Sherlock Holmes compilations number amongst my guiltiest of pleasures, and I’m fortunate in having had the foresight to load the entire collection of mysteries onto my Kindle (the source of much moral angst, but also of my pre-bedtime entertainment) before I left California. I’m pining after my Calvin & Hobbes anthologies (these, I imagine, being difficult to come by in Kenya), and so for the moment I have to make do with Arthur Conan Doyle’s infuriatingly-smug detective and his befuddled sidekick, Dr Watson before plunging into Meja Mwangi’s Carcase for the Hounds which I picked up the other day at Prestige Bookshop on Mama Ngina Street.
But I’m beginning to wonder whether I’ve overindulged. I’ve always known that if I read enough of something in a particular genre or style, my own writing shifts in that direction. So if I’ve been reading too many academic monographs I begin overusing the passive voice and placing my subjects and verbs in strange places.
But it appears that the same can occur with regard to the diction of my dreams! If I’ve been reading enough Holmes, the utterances in my dreams assume the languorous weight of upper middle-class Victorian parlour conversations. They are laden with “kindly thises” and “kindly thats”, peppered with “if you would be so goods” and “I confess my dear so and sos”.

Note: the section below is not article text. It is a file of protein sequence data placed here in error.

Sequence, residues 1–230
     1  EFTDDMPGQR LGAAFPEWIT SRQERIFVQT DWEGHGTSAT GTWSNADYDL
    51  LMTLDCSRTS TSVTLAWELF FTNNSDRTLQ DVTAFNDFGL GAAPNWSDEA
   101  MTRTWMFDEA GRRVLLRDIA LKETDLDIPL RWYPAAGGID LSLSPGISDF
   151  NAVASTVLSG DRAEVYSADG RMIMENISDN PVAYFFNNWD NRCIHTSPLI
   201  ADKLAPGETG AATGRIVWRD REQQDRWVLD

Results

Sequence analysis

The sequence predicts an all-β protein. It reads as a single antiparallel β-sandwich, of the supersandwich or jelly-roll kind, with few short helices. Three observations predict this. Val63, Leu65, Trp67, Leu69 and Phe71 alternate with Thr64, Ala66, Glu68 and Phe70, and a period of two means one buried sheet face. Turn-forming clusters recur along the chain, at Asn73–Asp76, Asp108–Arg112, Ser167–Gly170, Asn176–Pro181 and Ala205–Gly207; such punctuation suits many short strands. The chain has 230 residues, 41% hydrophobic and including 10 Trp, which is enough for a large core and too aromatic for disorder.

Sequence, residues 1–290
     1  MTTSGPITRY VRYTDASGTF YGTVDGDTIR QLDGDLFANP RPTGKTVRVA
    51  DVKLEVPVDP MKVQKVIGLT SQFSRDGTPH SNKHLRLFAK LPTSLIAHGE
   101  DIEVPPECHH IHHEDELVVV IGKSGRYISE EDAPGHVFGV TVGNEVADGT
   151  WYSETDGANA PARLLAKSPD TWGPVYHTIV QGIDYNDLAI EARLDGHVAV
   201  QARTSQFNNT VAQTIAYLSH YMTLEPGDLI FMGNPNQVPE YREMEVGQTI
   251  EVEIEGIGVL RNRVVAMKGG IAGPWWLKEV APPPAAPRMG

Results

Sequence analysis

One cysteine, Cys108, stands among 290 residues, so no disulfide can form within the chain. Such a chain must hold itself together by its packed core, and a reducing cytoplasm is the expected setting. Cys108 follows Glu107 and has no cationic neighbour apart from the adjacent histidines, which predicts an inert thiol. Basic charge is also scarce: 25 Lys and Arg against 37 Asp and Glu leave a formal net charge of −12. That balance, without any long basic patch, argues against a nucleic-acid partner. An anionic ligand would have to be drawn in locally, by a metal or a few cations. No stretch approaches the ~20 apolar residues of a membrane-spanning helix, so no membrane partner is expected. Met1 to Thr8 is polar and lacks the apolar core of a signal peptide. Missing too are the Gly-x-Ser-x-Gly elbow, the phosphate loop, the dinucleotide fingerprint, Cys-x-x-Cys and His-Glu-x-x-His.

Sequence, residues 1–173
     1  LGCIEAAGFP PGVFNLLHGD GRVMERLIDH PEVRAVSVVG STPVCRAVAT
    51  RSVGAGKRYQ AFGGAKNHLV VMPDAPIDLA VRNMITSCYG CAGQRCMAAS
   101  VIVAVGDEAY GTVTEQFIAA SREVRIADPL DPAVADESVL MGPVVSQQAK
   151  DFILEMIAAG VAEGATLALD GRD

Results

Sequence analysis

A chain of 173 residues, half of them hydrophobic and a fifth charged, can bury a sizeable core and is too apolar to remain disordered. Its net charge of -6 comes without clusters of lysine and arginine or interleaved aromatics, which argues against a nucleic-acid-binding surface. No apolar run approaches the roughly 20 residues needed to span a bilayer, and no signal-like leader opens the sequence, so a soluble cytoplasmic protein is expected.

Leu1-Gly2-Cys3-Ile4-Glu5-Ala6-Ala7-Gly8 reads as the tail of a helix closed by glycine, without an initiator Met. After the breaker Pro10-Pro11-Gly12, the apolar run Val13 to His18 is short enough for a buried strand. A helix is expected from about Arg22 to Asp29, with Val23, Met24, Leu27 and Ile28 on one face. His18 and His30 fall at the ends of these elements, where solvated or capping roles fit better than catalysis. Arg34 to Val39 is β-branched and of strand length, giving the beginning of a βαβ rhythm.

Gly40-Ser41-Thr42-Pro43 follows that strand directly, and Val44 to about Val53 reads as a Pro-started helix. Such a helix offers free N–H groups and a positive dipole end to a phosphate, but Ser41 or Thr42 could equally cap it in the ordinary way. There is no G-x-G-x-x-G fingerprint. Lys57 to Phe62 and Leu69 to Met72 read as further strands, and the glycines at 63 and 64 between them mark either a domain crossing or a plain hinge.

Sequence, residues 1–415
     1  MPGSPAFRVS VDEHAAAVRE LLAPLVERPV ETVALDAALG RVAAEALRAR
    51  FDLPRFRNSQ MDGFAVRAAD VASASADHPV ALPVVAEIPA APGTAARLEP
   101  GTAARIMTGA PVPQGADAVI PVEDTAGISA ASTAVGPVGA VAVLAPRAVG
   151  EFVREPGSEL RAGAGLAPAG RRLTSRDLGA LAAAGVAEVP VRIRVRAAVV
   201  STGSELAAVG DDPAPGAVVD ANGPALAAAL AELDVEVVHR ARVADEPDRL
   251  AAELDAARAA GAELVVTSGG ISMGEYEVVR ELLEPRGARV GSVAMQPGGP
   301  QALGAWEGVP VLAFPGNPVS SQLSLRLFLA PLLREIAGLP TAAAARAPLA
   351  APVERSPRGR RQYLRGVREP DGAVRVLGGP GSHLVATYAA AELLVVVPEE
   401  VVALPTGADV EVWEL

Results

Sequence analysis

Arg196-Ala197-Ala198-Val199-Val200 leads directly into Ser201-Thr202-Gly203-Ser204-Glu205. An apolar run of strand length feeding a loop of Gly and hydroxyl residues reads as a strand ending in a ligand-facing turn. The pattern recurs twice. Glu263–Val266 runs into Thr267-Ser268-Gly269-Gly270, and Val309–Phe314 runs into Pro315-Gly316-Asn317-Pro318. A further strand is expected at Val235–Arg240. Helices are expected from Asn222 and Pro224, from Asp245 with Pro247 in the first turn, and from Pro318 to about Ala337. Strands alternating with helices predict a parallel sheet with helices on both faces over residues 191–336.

If, however, my mind drifts to the Mysterious Matter of the Tsavo Elephants too near my bedtime, the diction of my dreams assumes the formula of fastidious bureaucratic correspondences and I find myself in serious danger of boring myself awake.
I haven’t paid sufficient attention to the phenomenon to determine whether the character of my dreams changes. Whether, that is, I go riding elephants through the streets of Victorian London or go creeping round the savannah, tracking poachers wearing a deerstalker cap.
I can only guess at what will befall my night-time verbiage once I move on to the Complete works of Mark Twain, which await me on the kindle...